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Tom Winnifrith Bearcast - Being a Purplebricks bull must be enough, I'd imagine, to turn a man to drink
Published 11 days ago
Hello Share Scratchers. On the heels of my last piece, in which I commended the fortunes of giant oilers, a few readers have asked me which jumbo firm do I prefer. I suppose the choice for British investors is between Shell (RDSA) and BP (BP.) I have big holdings in both outfits, but I lean towards one of them.
Published 13 days ago
From the FCA's spreadsheet of short positions required to be disclosed to it, the following shows the shorted AIM shares with positions from 2018 and thus far in 2019 (by net short position %, those in bold not on the list at the start of 2019) – and if this position has increased (red), reduced (green) or remained unchanged (black) since last week...
Published 23 days ago
PCG Entertainment (PCGE) has seen its share price slump over the past few months but, despite there having been a number of large transactions, there have been no notifications of any changes to the significant shareholdings in the company. Now I find this very strange, given that there have been several sells that have amounted to around 1% of the shares in issue, along with numerous others around the 0.5% level, and during December and January there were more than 233 million shares traded in total – of the 1.244 billion in issue...
Published 390 days ago
Notifications of major holdings in the shares of a company are designed to keep investors informed of when large shareholders increase or decrease their position by a significant amount.
Published 603 days ago
A few weeks ago I penned a piece on Blenheim Natural Resources (BNR) in which I was highly skeptical of the recent holdings RNSs from a certain Pershing Nominees/Valbury Capital.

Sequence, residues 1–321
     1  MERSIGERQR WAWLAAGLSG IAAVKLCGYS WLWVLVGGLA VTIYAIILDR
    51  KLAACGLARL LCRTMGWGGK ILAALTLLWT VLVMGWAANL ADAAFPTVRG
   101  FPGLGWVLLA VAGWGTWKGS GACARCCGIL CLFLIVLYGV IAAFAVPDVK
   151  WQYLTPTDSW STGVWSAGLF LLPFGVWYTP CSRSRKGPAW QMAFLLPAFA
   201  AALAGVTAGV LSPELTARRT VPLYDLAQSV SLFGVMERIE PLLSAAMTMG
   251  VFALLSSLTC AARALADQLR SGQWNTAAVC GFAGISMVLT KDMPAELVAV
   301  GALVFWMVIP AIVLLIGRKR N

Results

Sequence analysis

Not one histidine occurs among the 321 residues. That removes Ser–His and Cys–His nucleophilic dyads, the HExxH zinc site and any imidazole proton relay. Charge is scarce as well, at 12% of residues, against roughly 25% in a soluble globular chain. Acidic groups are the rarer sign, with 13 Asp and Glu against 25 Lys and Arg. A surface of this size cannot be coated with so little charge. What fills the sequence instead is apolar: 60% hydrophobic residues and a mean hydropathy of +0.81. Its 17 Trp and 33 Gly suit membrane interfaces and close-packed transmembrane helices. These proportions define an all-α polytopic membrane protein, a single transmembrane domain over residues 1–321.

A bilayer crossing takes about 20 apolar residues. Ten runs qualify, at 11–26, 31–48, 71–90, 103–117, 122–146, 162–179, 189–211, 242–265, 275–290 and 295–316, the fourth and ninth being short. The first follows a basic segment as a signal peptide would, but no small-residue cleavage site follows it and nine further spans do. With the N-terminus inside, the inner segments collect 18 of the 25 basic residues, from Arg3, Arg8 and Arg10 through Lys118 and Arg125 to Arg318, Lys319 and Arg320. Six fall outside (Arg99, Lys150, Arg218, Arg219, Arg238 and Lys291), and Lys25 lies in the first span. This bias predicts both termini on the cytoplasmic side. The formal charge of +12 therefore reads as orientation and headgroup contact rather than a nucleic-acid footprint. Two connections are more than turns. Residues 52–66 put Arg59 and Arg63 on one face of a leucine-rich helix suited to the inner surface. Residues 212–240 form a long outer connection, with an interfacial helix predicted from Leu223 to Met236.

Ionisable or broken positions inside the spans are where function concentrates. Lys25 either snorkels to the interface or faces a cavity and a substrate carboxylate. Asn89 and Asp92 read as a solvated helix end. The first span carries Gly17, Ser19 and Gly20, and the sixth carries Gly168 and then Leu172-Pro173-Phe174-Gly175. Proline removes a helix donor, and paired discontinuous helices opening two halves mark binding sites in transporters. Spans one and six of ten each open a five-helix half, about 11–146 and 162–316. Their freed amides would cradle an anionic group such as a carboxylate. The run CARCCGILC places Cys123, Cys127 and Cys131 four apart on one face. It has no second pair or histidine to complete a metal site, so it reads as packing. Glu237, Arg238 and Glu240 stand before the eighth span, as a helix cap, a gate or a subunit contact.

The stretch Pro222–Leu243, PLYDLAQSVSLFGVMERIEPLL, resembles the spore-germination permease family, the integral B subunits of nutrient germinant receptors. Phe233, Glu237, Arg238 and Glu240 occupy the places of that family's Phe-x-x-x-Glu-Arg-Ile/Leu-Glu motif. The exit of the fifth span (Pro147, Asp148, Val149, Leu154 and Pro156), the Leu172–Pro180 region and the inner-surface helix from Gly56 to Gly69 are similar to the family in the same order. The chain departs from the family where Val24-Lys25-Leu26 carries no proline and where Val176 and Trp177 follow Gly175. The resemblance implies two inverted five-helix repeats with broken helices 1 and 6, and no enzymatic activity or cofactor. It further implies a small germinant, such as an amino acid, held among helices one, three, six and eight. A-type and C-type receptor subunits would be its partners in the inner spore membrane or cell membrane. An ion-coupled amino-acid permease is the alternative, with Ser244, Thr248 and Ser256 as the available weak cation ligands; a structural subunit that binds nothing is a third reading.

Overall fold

Published 617 days ago
Blenheim Natural Resources (BNR) isn’t exactly on my list favourite AIM companies to invest in, but even I have been surprised by the recent sizeable drop in share price.
Published 1344 days ago
Just before the close, Sefton Resources (SER) announced that Daniel Levi and market abuser Chris Oil had bought back into the company. This has provoked a furious reaction and it will be very interesting to see how the market responds today. After the first time Mr Levi “saved” Sefton, the company’s share price went up nearly seven times, to an eye-watering 0.39p. Oblivious to the fact that Mr Levi failed to deliver his operational promises and sold a massive chunk of his stock near the unsustainable and over-promoted top, Seftonologists still saw good value in this cash shell with little cash, no assets and an £11.3million market cap. Will this bunch fall for the shenanigans again or will it finally learn its lesson and pay heed to the obvious toxic danger signals now slapped all over this stock?